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It’s no secret that the recession has driven down savings rates among Americans – shrinking budgets have left less room for socking away money, and record-low deposit rates have provided an additional disincentive to save. Now, a new study identifies one particular area of concern: college savings.

According to the latest Certified Financial Planner Board/Consumer Federation of America Household Financial Planning survey, less than half of households with college-bound children now say that they have begun saving any amount of money to finance higher education, with the percentage falling from 56% in 1997 to just 48% in 2012.

While that’s about in line with similar dips in retirement planning and emergency savings, it’s still a worrisome figure in light of how tuition has soared in recent years. In 2000, the average tuition at a four-year college was a little shy of $16,000 in inflation-adjusted dollars, according to the Department of Education; by 2009 that figure had skyrocketed to just under $21,000, an increase of more than 32% in nine years. Americans are saving less and less for something that’s costing more and more.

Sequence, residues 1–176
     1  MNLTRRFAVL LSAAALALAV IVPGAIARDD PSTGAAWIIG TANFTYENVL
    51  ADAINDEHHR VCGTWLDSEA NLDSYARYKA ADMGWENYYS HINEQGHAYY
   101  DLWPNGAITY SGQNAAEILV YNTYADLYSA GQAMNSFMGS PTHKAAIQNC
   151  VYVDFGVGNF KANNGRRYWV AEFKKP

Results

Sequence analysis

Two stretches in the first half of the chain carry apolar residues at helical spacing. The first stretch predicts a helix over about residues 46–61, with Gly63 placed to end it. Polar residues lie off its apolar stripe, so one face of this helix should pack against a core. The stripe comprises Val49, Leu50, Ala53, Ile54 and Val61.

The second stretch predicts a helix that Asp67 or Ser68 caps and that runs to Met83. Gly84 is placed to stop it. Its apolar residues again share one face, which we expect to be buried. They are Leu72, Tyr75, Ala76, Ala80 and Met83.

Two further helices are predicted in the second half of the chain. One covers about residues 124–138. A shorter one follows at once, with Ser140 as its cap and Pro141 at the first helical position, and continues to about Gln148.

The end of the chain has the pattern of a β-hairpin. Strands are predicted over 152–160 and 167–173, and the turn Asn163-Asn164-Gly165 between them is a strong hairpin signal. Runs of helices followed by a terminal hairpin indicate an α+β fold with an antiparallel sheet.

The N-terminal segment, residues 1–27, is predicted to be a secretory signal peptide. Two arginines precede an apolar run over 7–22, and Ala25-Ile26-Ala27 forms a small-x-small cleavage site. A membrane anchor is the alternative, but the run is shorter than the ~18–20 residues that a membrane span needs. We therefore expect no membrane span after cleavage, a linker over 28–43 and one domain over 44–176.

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Check Your Credit For FreeAnd that bodes poorly for a national student debt load that already weighs heavily on the country’s recent graduates. Total student loan debt has nearly doubled since the beginning of 2005, reaching nearly $1 trillion as of the first quarter of 2012, and the average college graduate under the age of 30 is dealing with just under $21,000 of student loan debt. If mom and dad are pitching in less to finance their child’s education, those numbers can be expected to continue to go in the wrong direction.

Americans’ growing reluctance to put away cash for college and other long-term financial goals is certainly understandable in light of the 40% reduction in family net worth reported earlier this year by the Federal Reserve. And continuing skittishness over unstable markets also put a damper on building a college nest egg through investing – according to the report, 55% say they’re worried about losing money if they invest, up from 45% in 1997.

Still, if parents don’t want their kids saddled with debt when they graduate college, they’re going to have to find room in the budget for a college fund and get over their fear of the markets.

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